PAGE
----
Dear Bruno,
I read with joy your long and detailed 'teaching' reply (Hungarian slogan:
like a mother to her imbecil child) and understood a lot (or so I think).
I am not entusiastic about a sign-language (gesticulated or written) instead
of words, because I did not familiarize myself into its 'underwstanding'

About your warning (Uri Geller's fork): I abhor 'righteous' conclusions
based on actual half-information and always leave open a slot for things to
be learned (discovered) later.
In my 7+ decades of watching the world around me (7 in science) I saw
"changes" that made me a "~" for firm conclusions. I am not for including
the unknowable, but nobody taught about DNA when I first learned
biochemical compounds or irreversible thermodynamics when I first learned
Carnot.-  And the Moon was for the poets. Computer was a slide-rule. We had
a phone ("please, Mam, connect me to Mr Brown") and I had a radio in 1927 -
it spoke(!) through an earphone 2 hours a day.Hallo Radio Budapest,
 Hence my belief in further surprises.I experienced all kinds of belief
systems changing around me, in science, art, politics, economy, so the
latest is not so impressive either.

Thanks again for your kind explanations - and am ready for Wi Fi.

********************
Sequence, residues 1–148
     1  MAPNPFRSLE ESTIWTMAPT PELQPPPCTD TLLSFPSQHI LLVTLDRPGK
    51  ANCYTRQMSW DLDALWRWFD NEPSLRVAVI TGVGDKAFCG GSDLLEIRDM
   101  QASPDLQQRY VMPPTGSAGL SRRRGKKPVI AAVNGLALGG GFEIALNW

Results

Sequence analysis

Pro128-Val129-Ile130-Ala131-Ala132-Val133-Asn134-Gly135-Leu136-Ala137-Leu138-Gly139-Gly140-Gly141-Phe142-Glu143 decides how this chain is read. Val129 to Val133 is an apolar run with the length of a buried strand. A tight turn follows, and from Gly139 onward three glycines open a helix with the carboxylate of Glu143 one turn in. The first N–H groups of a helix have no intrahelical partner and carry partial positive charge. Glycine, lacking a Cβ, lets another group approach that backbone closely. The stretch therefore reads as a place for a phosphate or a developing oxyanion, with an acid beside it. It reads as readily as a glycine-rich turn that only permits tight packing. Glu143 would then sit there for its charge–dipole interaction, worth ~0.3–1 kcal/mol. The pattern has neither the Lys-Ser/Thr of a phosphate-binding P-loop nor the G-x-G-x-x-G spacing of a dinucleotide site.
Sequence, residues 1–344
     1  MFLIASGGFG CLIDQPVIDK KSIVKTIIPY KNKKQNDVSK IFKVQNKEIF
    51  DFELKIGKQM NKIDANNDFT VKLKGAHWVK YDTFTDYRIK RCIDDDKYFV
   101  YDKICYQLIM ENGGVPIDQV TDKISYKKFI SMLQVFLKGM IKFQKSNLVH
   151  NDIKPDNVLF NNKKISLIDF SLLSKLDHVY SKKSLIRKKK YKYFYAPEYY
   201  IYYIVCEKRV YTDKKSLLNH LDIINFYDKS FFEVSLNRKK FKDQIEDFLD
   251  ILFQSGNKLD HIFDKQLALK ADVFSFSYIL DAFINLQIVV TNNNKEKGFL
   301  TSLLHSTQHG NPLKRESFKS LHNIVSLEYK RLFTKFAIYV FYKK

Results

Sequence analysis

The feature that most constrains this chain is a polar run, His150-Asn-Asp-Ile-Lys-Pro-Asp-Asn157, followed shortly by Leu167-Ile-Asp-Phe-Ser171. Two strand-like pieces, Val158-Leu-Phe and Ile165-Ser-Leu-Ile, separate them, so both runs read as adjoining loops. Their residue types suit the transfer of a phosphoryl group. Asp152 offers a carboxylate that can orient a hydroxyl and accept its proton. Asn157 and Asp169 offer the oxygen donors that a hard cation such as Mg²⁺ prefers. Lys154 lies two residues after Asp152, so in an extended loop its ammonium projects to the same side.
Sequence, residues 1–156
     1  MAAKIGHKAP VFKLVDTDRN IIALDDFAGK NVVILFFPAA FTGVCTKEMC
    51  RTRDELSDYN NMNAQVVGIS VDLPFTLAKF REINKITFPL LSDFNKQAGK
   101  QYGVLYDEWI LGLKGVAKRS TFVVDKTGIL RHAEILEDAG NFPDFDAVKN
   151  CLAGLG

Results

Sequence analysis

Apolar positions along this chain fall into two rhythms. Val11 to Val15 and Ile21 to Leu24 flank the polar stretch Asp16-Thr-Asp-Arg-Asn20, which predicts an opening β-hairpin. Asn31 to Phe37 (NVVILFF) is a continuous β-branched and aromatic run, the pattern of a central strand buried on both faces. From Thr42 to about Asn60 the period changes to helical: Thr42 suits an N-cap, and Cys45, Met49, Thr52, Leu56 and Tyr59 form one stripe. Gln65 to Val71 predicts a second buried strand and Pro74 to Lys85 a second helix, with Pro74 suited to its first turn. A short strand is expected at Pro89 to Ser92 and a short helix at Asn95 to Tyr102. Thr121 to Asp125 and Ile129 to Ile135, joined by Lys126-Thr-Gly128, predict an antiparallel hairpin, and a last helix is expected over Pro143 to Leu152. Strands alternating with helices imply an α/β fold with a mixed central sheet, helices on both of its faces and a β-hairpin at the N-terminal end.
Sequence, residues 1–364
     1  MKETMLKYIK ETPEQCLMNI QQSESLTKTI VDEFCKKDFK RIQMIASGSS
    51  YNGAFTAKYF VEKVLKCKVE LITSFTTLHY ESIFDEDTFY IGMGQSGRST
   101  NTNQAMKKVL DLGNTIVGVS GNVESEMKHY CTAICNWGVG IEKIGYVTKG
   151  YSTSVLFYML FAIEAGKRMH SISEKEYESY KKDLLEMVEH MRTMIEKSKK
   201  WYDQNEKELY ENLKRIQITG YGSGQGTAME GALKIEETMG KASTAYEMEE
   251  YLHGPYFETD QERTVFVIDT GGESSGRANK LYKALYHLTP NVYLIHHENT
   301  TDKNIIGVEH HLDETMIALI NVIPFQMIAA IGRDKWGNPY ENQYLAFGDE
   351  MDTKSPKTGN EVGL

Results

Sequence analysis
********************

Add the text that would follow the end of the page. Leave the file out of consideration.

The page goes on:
On 1/19/07, Bruno Marchal <[EMAIL PROTECTED]> wrote:
> Dear John,
> Le 17-janv.-07, ŕ 18:11, John M a écrit :
> > Dear Bruno,
> > may I ask you to spell out your "B" and "D"?
> > in your:
> > >Let D = the proposition "God exists", "~" = NOT, B = believes.<
> > Where I think I cannot substitute your "~" for the "=NOT" - or, if
> > the entire line is meaning ONE idea,that "B" believes both the
> > affirmative and the negatory.
> > Also: the difference between ~BD and ~B~D?
> In this paragraph you should interpret B by "believes" or by "the
> subject believes". And D is an abbreviation of "God exists" (careful!
> in other context D is an abbreviation of "~B~", that is "the subject
> does not believe in the negation of ".
> Example: B(it rains) = the subject believes it rains.
>     BD = the subject believes that God exists.
> the tilde symbol  ~    represents the classical negation. A logician
> will write    ~(it rains)     for saying that it does not rain. So we
> recover the four modal negation cases already known by Aristotle (as
> the aristotelian square):
> BD = the subject believes that God exists
> B(~D) = the subject believes that God does not exist
> ~BD = the subject does not believe that God exists
> ~B~D = the subject does not believe that God does not exist.
> We have:
> BD is true for the so-called "believer" (in God)
> B(~D) is true for the atheist (he is a believer: he believes that God
> does not exist)
> ~BD is true for a (consistent) atheist or for an agnostic
> ~B~D is true for a (consistent) believer or for an agnostic.
> To characterize an agnostic, you have to say that both ~BD and ~B~D are